This is a reasonable thesis, though it didn't hold up in the end. The big drop was due to multiple factors, including Tangle Wire showing up on the curated card list for Treasure Chests. Also, there was an implicit assumption in the thesis around Shop decks returning to use this card. I think it's "okay" to have ideas that turn out to be wrong, because that is part of the learning process, but the big mistake came in the follow up to the original thesis.
Reevaluate after XLN is released, but so far so good.
There was an initial bump in price in the weeks after the bans were announced, which made me think I was on the right track. However, if I had followed my own advice and reviewed the trade in October, I would have found that the price was in a downtrend and that the Vintage metagame had not developed as anticipated. Although Tangle Wire was showing up in Shop decks, it wasn't ubiquitous. There were plenty of Shop decks doing well that featured zero Tangle Wire.
If at the end of October I had properly reviewed this trade, it would have been easy to see that I had made mistakes in my initial thesis and that selling was warranted. A loss of 75 percent would have been likely, and that's a lot better than my current on-paper loss of 100 percent. I still hold my position in Tangle Wire, and at this point its a complete write-off that is not worth selling for any amount of tix at current prices, even if I can find enough buyers.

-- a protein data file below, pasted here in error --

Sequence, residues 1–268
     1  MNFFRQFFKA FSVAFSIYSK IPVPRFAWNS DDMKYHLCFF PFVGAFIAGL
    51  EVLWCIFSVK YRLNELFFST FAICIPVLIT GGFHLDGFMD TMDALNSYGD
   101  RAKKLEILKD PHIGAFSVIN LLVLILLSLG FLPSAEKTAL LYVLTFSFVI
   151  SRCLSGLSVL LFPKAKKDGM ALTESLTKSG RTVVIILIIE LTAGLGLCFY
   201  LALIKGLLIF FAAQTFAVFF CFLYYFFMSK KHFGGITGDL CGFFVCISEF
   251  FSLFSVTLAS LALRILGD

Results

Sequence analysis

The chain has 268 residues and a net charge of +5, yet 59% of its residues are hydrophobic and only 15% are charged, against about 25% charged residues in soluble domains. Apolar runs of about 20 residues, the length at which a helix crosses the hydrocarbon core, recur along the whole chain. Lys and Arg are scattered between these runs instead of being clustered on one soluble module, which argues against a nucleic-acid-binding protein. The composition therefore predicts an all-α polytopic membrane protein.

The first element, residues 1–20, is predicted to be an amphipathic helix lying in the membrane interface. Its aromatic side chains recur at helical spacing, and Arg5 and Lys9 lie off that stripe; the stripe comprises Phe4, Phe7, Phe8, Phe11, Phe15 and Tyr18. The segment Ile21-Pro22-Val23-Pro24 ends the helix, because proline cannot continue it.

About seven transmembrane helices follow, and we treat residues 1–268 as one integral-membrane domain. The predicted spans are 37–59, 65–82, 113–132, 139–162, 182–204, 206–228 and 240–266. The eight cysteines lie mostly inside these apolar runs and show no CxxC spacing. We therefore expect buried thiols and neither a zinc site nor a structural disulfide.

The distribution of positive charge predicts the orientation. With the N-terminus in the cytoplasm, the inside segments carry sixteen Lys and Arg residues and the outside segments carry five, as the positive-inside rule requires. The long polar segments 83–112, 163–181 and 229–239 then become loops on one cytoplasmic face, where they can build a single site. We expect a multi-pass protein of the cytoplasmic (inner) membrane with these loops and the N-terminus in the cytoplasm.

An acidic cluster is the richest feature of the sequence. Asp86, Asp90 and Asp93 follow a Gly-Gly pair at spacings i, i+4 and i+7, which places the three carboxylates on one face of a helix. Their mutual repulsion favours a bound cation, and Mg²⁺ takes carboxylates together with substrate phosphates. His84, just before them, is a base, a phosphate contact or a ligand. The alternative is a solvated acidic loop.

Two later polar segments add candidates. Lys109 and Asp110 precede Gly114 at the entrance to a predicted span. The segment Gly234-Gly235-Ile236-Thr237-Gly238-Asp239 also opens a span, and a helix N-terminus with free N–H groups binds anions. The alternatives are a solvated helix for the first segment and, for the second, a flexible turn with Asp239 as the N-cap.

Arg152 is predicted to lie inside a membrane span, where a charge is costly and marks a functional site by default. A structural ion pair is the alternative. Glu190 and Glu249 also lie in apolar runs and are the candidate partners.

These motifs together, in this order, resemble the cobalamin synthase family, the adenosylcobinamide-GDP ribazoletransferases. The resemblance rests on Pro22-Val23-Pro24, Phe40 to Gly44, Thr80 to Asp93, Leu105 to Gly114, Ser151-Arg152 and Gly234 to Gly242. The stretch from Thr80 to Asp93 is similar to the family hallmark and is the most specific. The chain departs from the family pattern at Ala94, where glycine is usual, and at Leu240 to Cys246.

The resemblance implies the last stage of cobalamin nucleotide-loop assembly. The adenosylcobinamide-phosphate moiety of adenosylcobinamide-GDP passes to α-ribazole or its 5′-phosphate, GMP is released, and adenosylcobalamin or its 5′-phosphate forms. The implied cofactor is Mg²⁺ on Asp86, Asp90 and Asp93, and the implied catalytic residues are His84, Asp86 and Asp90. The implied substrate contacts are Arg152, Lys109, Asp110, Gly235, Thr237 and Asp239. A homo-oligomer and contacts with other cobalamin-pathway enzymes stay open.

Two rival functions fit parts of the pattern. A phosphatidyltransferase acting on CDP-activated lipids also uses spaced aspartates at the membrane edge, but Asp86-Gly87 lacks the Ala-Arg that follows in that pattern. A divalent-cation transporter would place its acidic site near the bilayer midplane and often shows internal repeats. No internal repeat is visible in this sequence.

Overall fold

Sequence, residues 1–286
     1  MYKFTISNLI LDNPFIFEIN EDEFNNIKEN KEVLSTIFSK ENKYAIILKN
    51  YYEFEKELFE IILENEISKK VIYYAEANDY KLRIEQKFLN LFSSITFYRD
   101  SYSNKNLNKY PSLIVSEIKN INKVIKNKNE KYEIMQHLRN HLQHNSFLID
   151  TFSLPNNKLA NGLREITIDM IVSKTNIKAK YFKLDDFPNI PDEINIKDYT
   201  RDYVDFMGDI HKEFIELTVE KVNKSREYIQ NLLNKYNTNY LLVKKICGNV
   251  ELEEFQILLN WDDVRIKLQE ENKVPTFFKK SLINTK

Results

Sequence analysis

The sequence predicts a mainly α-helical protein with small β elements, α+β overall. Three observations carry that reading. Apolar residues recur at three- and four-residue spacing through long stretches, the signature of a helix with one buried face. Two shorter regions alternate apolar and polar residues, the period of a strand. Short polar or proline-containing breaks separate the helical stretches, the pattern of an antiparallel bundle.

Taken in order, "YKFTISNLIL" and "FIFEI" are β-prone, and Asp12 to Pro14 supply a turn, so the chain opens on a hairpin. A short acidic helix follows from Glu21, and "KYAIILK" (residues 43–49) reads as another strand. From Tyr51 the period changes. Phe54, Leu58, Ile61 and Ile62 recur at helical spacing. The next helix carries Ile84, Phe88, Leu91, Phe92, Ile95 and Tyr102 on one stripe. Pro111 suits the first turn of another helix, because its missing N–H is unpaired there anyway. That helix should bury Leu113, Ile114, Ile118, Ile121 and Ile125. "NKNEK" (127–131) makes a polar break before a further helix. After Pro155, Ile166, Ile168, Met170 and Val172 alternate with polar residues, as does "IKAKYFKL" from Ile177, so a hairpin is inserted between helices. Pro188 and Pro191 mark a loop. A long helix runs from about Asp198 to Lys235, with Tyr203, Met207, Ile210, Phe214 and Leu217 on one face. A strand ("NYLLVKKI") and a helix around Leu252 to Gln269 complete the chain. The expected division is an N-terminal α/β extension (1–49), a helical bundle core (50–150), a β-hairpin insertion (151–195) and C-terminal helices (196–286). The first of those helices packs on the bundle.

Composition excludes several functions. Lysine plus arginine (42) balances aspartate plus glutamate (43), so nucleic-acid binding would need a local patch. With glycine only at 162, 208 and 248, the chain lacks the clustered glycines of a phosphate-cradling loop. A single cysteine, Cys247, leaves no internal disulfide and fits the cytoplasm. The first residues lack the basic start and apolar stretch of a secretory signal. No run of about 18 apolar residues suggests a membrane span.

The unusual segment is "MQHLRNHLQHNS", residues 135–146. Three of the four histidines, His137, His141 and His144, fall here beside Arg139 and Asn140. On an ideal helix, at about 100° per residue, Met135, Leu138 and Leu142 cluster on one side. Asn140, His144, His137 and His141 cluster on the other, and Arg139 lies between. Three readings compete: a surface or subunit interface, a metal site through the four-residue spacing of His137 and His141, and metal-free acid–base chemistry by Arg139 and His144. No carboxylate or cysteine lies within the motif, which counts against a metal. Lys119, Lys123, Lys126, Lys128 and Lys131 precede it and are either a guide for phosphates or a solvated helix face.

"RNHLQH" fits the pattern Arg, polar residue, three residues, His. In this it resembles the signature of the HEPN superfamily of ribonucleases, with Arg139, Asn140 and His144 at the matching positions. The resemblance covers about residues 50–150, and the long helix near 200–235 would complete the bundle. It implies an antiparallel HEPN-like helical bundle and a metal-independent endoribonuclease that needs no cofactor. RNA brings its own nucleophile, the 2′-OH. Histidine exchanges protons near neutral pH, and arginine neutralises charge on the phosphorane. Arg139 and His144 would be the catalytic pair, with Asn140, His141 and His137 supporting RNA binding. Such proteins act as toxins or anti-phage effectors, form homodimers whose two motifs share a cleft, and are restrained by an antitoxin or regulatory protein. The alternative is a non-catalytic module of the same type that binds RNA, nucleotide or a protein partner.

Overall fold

My plan now is to book the 100-percent loss and to forget about this position. Maybe down the road Tangle Wire will be removed from the curated list and slowly start to rebuild value, but as of today it will take too much time and effort to offload these cards for a minimal amount of tix. I'm better off absorbing the loss and the lesson, saving the time involved in the transactions and moving on. Better record keeping would have helped to avoid this situation.
Effort Over Time
I have been thinking and writing about the MTGO economy for years. Economics is near and dear to my heart, and exploring economic ideas in the context of MTGO has been a ton of fun. The regular practice of writing this article has been great for firming this all up. And believe it or not, the biggest benefits to this project are only becoming visible years later.